Insurgents launched a fierce attack on a major military base in southern Afghanistan on Thursday, one month after U.S. and coalition troops turned it over to the Afghan military. It follows a script similar to another deadly attack on the same base, Camp Bastion, in 2012: The fighters planned for it, trained for it and then released video highlighting it afterward.

The video was posted to YouTube on Saturday and publicized by the Long War Journal while the attack was still ongoing. A few dozen Taliban fighters launched it with automatic weapons and suicide vests, Reuters reported. At least five Afghan troops were killed on Friday in the fight, which continued this weekend, several media reports said. Those same reports varied on how many insurgents were killed, putting the number at between nine and 26.

The new video includes images of 10 fighters in training. They wear camouflage military uniforms, long beards and white head coverings, moving together in formation and running laps inside a dusty compound while carrying assault weapons. Music plays in the background, and a collection of photographs of the insurgents involved is shown.


Taliban fighters prepare for a November 2014 attack on Camp Bastion, Afghanistan, in a new video released by the group on Saturday. (YouTube screen grab)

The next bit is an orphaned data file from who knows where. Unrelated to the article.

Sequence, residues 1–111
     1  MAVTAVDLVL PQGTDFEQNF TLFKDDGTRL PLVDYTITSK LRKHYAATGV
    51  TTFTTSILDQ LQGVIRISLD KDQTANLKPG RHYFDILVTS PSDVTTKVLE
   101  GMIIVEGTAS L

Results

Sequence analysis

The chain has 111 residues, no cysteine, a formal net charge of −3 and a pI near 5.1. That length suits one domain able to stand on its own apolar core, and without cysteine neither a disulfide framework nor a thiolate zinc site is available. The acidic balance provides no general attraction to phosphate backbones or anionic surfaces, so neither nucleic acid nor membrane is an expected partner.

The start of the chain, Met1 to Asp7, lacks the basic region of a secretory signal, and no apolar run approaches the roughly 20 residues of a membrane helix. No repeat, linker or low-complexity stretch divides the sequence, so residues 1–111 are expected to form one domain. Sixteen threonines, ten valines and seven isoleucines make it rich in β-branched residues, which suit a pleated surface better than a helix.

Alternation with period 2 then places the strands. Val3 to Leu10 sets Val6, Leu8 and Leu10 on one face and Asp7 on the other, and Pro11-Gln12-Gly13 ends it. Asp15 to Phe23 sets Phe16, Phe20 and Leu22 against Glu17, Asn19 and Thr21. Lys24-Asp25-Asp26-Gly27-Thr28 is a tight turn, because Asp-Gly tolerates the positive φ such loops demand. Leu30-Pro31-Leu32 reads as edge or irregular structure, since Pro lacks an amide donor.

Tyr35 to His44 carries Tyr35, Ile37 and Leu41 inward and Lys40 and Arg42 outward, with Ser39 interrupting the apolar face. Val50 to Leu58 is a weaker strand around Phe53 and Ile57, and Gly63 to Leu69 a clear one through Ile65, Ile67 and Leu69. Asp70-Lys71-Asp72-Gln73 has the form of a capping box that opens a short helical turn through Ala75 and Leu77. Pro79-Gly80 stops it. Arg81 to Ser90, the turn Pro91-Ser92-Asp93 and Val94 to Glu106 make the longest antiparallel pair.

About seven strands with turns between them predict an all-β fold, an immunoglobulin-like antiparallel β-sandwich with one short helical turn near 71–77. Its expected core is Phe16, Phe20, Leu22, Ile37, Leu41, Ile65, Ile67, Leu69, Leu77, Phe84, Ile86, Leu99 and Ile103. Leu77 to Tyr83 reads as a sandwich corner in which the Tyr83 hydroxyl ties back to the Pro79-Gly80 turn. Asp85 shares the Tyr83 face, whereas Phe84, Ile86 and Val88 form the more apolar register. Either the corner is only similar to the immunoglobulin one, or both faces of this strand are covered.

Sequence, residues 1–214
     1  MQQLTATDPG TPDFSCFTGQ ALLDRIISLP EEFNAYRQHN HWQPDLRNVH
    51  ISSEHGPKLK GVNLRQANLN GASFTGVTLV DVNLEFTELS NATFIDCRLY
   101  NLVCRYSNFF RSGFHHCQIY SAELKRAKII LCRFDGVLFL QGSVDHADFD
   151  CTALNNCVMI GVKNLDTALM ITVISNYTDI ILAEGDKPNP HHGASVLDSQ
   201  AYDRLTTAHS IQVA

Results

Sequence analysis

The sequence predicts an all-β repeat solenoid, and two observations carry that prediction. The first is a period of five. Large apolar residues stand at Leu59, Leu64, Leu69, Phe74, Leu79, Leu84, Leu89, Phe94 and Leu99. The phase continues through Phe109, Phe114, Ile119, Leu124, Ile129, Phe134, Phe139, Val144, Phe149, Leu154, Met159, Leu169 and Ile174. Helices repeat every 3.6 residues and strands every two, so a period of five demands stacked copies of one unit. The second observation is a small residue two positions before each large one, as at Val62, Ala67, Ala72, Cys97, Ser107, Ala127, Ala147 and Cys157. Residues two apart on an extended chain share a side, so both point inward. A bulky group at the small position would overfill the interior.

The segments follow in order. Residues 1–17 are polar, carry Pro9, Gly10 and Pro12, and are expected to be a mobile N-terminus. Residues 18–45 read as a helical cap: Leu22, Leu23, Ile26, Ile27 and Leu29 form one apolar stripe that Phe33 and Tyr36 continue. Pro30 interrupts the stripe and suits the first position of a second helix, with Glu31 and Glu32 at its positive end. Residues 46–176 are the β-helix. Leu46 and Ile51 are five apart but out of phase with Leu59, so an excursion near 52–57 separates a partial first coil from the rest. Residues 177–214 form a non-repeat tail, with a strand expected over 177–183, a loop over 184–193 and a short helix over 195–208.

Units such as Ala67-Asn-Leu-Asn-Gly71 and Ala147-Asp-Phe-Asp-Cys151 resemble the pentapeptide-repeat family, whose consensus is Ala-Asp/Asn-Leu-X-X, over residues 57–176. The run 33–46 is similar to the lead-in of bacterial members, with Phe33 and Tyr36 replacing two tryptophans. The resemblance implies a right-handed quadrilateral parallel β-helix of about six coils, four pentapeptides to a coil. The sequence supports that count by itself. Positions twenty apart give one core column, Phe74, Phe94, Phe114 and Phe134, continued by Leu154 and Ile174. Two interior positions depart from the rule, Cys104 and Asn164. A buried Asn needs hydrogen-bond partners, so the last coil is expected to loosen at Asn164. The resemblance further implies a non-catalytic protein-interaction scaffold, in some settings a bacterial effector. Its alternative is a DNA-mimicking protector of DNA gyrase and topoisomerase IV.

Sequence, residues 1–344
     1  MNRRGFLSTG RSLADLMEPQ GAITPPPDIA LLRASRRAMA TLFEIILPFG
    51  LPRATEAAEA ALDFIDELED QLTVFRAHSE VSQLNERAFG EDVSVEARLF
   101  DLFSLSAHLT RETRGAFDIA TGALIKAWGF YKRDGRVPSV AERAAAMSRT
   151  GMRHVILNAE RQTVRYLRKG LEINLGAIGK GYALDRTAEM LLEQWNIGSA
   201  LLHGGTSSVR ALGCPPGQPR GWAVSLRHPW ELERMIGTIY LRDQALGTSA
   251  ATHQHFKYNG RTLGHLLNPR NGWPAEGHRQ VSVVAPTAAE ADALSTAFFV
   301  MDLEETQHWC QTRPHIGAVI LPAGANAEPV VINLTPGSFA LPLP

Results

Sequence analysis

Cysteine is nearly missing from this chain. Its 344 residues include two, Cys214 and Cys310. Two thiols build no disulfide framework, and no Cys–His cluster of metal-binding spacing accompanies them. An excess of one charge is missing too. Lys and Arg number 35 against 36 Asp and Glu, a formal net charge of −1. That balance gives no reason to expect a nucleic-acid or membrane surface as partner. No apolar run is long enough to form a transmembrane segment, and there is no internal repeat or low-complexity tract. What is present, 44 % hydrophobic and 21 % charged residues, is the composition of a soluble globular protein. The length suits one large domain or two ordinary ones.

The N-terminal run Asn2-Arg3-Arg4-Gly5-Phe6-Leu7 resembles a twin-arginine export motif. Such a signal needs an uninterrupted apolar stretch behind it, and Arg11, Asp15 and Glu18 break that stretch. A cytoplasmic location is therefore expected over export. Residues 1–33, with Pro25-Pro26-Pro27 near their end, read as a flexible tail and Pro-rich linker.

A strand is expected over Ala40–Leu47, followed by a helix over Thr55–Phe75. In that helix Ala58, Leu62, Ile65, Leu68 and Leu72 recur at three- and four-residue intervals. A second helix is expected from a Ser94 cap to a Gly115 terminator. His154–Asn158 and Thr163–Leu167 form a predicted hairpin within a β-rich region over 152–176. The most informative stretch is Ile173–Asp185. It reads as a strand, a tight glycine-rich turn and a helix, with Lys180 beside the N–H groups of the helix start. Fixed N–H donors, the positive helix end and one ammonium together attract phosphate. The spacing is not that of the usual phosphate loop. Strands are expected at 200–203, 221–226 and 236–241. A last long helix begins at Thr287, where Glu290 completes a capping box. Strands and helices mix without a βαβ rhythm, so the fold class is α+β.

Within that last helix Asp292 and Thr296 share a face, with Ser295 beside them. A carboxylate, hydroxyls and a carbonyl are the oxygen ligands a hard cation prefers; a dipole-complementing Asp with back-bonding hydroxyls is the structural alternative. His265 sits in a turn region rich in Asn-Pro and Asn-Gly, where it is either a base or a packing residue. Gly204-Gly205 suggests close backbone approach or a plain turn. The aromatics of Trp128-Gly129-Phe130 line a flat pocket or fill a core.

The video also shows another method the Taliban used to prepare for the attack: creating a model of the base with model aircraft, hangars and vehicles. Doing so raises questions about how much inside knowledge about the base’s layout they had.


This image taken from a Taliban propaganda video shows a model they created of Camp Bastion, Afghanistan, which they attacked on Thursday night. (YouTube screen grab)

Long War Journal reports that the video was uploaded by a group calling itself “Mehsud Media,” implying it may be aligned with the Mehsud branch of the Pakistani Taliban. Leaders of that group have in recent days pledged allegiance to both Mullah Mohammed Omar, the leader of the Taliban, and Abu Bakr al-Baghdadi, the leader of the Islamic State militant group, raising questions whether there might be a rift in the Mehsud group’s leadership.

Fifteen insurgents trained in Pakistan launched a similar attack on Camp Bastion in September 2012 that killed two U.S. Marines, wounded 17 other coalition members and destroyed or severely damaged nine aircraft. The lone surviving insurgent in that attack, Mohammed Nazeer, later told investigators that the insurgents worked from information provided by someone with access to the base. He has been sentenced to death by an Afghan court, but it isn’t clear when or if the execution will be carried out.

The Taliban released a video following the 2012 attack that showed how they breached the base’s external perimeter with basic fence cutters and knew where the aircraft they destroyed were kept.